Types + Properties = Software: other properties by Mark Seemann
Even simple functions may have properties that can be expressed independently of the implementation.
This article is the eighth in a series of articles that demonstrate how to develop software using types and properties. In previous articles, you've seen an extensive example of how to solve the Tennis Kata with type design and Property-Based Testing. Specifically, in the third article, you saw the introduction of a function called
other. In that article we didn't cover that function with automatic tests, but this article rectifies that omission.
The source code for this article series is available on GitHub.
Implementation duplication #
other function is used to find the opponent of a player. The implementation is trivial:
let other = function PlayerOne -> PlayerTwo | PlayerTwo -> PlayerOne
Unless you're developing software where lives, or extraordinary amounts of money, are at stake, you probably need not test such a trivial function. I'm still going to show you how you could do this, mostly because it's a good example of how Property-Based Testing can sometimes help you test the behaviour of a function, instead of the implementation.
Before I show you that, however, I'll show you why example-based unit tests are inadequate for testing this function.
You could test this function using examples, and because the space of possible input is so small, you can even cover it in its entirety:
[<Fact>] let ``other than playerOne returns correct result`` () = PlayerTwo =! other PlayerOne [<Fact>] let ``other than playerTwo returns correct result`` () = PlayerOne =! other PlayerTwo
=! operator is a custom operator defined by Unquote, an assertion library. You can read the first expression as player two must equal other than player one.
The problem with these tests, however, is that they don't state anything not already stated by the implementation itself. Basically, what these tests state is that if the input is PlayerOne, the output is PlayerTwo, and if the input is PlayerTwo, the output is PlayerOne.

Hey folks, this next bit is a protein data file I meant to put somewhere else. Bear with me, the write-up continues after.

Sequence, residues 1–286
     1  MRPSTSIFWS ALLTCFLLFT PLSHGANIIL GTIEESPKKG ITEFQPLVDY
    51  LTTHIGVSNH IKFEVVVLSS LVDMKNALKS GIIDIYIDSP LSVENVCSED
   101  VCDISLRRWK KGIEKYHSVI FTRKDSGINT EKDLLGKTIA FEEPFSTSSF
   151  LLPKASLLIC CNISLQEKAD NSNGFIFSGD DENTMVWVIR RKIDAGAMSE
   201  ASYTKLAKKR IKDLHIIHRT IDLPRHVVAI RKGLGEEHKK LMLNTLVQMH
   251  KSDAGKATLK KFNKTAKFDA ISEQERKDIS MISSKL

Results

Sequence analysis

That's exactly what the implementation does.
The only important difference is that the implementation of
other states this relationship more succinctly than the tests.
It's as though the tests duplicate the information already in the implementation. How does that add value?
Sometimes, this can be the only way to cover functionality with tests, but in this case, there's an alternative.
Behaviour instead of implementation #
Property-Based Testing inspires you to think about the observable behaviour of a system, rather than the implementation. Which properties do the
other function have?
If you call it with a Player value, you'd expect it to return a Player value that's not the input value:
[<Property>] let ``other returns a different player`` player = player <>! other player
<>! operator is another custom operator defined by Unquote. You can read the expression as player must not equal other player.
This property alone doesn't completely define the behaviour of
other, but combined with the next property, it does:
[<Property>] let ``other other returns same player`` player = player =! other (other player)
If you call
other, and then you take the output of that call and use it as input to call
other again, you should get the original Player value. This property is an excellent example of what Scott Wlaschin calls there and back again.
These two properties, together, describe the behaviour of the
other function, without going into details about the implementation.
You've seen a simple example of how to describe the properties of a function without resorting to duplicating the implementation in the tests. You may not always be able to do this, but it always feels right when you can.
If you're interested in learning more about Property-Based Testing, you can watch my introduction to Property-based Testing with F# Pluralsight course.